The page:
I was so relieved when one of the three receptionists at the Golden Lampstand Hotel handed me my train ticket from Qingdao to Beijing. I felt like doing a little jig in the enormous reception area, but the Chinese are so reserved one feels constrained.
I had ordered online while in Shanghai but the ticket agency didn’t seem to understand where my hotel was and I couldn’t relax until I had the ticket in my hand.
For the last month I had had this grumbling underlying worry about this the last leg of the journey. I had a plane to catch on the last day of the Chinese National Holidays and the day I was going to travel to Beijing was the second busiest travel day of the year.
Travelling around China outside official tour groups is hair-pulling stuff. In China tickets can only be bought ten days beforehand, and as every train is fully booked it is imperative to get in early. From Beijing to Pingyao we only booked six days ahead and endured thirteen hours on hard seats. From the bigger cities you can just go to the station and buy tickets up to ten days ahead, from anywhere to anywhere, such is the impressive computerised system.. You pay, your passport is scanned and you get your ticket.
There is also a Chinese train website where you can buy tickets online and pick them up from at one of the bigger stations. But this has two drawbacks, one it is only in Chinese and secondly it only takes Chinese credit cards, and oh yes there is a third drawback, you cannot pick up a ticket from all stations.
When in Pingyao I wanted to buy a ticket for the thirty hour trip from Beijing to Guilin which was some 10 days ahead. Pingyao station was not one of those stations that was allowed to issue tickets for travel from other parts of china. Luckily, the receptionist in the hotel in Pingyao is definitely the most helpful person in China. We worked it out that I would give her the cash and a photocopy of my passport which was then faxed to her friend in in Taiyuan, who would go to the station there and pay for the ticket, would get a reference number for me to pick up the ticket in Luoyang. And yes the ticket was there when I arrived. Complicated ? Yes!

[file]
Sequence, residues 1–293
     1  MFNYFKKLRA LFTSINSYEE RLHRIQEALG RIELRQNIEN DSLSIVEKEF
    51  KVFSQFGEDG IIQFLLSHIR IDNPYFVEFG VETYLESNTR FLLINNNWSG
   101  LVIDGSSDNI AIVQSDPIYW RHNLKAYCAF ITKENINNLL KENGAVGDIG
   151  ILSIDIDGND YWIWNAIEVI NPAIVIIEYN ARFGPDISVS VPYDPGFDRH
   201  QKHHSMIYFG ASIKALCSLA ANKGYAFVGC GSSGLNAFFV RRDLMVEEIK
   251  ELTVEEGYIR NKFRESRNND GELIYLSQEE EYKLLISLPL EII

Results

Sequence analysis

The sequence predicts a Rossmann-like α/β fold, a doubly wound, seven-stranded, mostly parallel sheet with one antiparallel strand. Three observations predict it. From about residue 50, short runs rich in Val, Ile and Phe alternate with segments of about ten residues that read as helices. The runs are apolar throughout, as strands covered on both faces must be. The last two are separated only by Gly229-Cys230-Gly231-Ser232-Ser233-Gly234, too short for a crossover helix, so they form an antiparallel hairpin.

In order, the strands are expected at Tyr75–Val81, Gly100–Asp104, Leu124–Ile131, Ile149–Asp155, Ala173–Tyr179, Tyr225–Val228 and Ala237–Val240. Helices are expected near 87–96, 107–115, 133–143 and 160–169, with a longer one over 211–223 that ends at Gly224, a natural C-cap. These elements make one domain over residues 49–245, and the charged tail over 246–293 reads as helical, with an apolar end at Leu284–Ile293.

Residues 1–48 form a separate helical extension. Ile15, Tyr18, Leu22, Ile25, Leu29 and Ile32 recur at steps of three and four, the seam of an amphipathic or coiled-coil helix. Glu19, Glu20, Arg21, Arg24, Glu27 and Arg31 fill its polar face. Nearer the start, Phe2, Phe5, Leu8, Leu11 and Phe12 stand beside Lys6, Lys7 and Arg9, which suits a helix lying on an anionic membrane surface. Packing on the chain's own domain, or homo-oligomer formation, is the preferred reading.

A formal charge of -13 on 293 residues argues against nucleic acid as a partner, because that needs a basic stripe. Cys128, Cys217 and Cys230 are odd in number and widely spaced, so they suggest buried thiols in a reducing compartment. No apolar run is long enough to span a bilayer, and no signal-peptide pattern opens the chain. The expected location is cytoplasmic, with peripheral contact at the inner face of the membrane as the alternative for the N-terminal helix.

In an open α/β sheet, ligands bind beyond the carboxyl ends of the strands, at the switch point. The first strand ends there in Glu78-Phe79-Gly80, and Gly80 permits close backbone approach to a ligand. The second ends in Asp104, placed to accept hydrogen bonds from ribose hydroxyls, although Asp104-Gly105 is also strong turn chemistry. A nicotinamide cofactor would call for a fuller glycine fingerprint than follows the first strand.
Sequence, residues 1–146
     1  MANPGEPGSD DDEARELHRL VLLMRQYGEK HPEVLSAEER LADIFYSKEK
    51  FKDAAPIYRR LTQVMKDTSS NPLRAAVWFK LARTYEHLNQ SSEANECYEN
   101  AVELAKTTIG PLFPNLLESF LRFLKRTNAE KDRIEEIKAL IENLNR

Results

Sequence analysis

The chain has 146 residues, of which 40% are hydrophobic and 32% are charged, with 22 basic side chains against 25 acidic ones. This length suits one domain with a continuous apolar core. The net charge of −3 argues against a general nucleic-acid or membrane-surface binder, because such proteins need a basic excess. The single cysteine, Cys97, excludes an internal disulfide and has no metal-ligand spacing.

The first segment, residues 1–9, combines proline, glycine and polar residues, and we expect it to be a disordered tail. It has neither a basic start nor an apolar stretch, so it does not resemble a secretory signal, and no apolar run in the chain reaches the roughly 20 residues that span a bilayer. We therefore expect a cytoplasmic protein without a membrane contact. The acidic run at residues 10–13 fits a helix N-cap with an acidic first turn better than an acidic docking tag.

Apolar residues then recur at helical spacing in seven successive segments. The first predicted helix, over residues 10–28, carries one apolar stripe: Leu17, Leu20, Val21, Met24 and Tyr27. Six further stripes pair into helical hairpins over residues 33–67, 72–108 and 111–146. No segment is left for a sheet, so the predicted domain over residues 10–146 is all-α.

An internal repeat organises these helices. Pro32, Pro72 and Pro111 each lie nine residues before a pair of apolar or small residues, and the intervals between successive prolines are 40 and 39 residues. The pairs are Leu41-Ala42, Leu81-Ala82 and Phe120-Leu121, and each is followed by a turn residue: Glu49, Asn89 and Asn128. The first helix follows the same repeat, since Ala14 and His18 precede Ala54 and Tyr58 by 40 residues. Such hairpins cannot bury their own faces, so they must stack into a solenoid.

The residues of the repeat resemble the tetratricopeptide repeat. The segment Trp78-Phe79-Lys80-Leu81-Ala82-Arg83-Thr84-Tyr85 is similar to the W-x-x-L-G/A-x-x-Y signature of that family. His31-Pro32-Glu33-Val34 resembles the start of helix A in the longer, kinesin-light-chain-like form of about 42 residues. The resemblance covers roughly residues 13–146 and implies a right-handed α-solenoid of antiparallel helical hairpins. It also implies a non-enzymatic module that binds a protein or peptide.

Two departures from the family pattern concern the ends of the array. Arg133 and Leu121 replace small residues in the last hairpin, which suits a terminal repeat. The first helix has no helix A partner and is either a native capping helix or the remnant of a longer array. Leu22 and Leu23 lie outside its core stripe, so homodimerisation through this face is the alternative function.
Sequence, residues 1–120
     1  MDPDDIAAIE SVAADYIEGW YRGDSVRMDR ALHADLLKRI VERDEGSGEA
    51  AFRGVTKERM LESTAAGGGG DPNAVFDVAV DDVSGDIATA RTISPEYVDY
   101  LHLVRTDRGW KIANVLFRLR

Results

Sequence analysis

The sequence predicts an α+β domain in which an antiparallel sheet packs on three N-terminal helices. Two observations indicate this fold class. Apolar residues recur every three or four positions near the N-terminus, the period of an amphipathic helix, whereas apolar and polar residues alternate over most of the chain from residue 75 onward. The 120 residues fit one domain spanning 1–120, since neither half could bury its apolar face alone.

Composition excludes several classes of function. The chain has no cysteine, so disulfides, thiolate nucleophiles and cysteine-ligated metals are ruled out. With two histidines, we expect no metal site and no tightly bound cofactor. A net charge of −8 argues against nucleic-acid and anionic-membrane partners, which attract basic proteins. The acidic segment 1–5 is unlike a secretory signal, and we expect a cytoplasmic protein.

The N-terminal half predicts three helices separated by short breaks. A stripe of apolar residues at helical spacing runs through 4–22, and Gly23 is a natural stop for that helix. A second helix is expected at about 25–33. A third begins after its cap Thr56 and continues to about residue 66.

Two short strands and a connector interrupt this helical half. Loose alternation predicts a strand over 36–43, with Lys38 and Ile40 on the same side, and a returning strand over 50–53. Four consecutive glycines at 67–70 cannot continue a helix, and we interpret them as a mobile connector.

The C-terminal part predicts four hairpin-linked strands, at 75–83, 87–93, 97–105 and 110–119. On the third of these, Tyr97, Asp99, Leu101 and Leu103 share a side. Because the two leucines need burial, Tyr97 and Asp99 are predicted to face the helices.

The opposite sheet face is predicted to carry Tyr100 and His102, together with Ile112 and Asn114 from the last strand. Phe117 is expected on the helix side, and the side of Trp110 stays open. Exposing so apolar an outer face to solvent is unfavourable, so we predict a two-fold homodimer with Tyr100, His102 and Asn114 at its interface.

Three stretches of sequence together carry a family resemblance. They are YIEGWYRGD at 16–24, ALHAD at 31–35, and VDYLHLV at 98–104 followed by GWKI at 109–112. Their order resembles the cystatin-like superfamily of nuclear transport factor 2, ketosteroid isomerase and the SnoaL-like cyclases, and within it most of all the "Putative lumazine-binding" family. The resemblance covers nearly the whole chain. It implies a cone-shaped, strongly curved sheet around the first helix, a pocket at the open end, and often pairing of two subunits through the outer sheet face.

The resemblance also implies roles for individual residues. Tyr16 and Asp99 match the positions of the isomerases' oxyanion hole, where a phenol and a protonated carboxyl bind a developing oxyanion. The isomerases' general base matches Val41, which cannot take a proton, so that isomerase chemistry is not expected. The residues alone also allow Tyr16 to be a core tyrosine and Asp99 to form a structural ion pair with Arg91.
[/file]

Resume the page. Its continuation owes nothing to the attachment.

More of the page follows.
The whole trip had these complicated arrangements. The small problem with all this is YOU can do things in person with your passport but as a foreigner it is not easy to get a third party to do things for you.
Although outwardly China appears an open western society, Chinese are only allowed to travel with their computerised identity cards and the state has to give permission to leave the country.
So when I got to Shanghai station to buy my train ticket from Qingdao to Beijing some 10 days ahead, after a real bureaucratic marathon they said tickets are only issued 3 days in advance. So I thought these people must be local bumkins and I would go out to Hongqiao station, Asia’s largest, and get my ticket SO when after they tried to book and the computers refused I found out that Shanghai had different booking software to the rest of china… stress!
I found an online agency in Beijing and they could courier the ticket to my hotel in Qingdao And Now ..and after wrong hotels etc I had the ticket and was on my last leg.
Anyway finally I was on the train to Beijing with for the first time the sun directly behind me, and I was travelling due west in the land west of the sun and east of the moon. This was my last journey in my six thousand kilometres odd circuit around china. And all of it had been fascinating.
I love road trips and journeys into the unknown, well unknown for me. I had read two contrasting books about travelling around around China. Paul Theroux’s Riding the Iron Rooster and Tao by Aya Goda . Reading Theroux is like reading something with grey skies He didn’t appear to like the Chinese. One of his greatest pleasures appeared to be having a dump as his train passed over the Yangste. He also spends much of the book complaining about his shadow, a party official who travels with him and yes, it is sort of irksome having some state official trailing you , I had one in southern Sudan in 1983, but this official obtained all his first class train tickets and organised his hotels.
Perhaps he was fulfilling a publishing contract!
The other, Tao, by a young Japanese girl and her boyfriend, a Chinese painter, was a sunshine book full of great descriptions of landscapes and the ability to give characters depth. It had the added frisson of being a chase road story.
Travelling on The high speed trains on the east coast is not dissimilar to travelling on high speed trains in Europe not even these more urban middle class Chinese speak to each other. So different to the slow central and western trains where conversations not only start almost as one takes one’s seat but appear compulsory.
Arrived at Beijing South, whipped out my computerised card and took the tube back to the Forest and Land hotel. Rather different to a few months beforehand.
Something was borrowed and changed from William Morris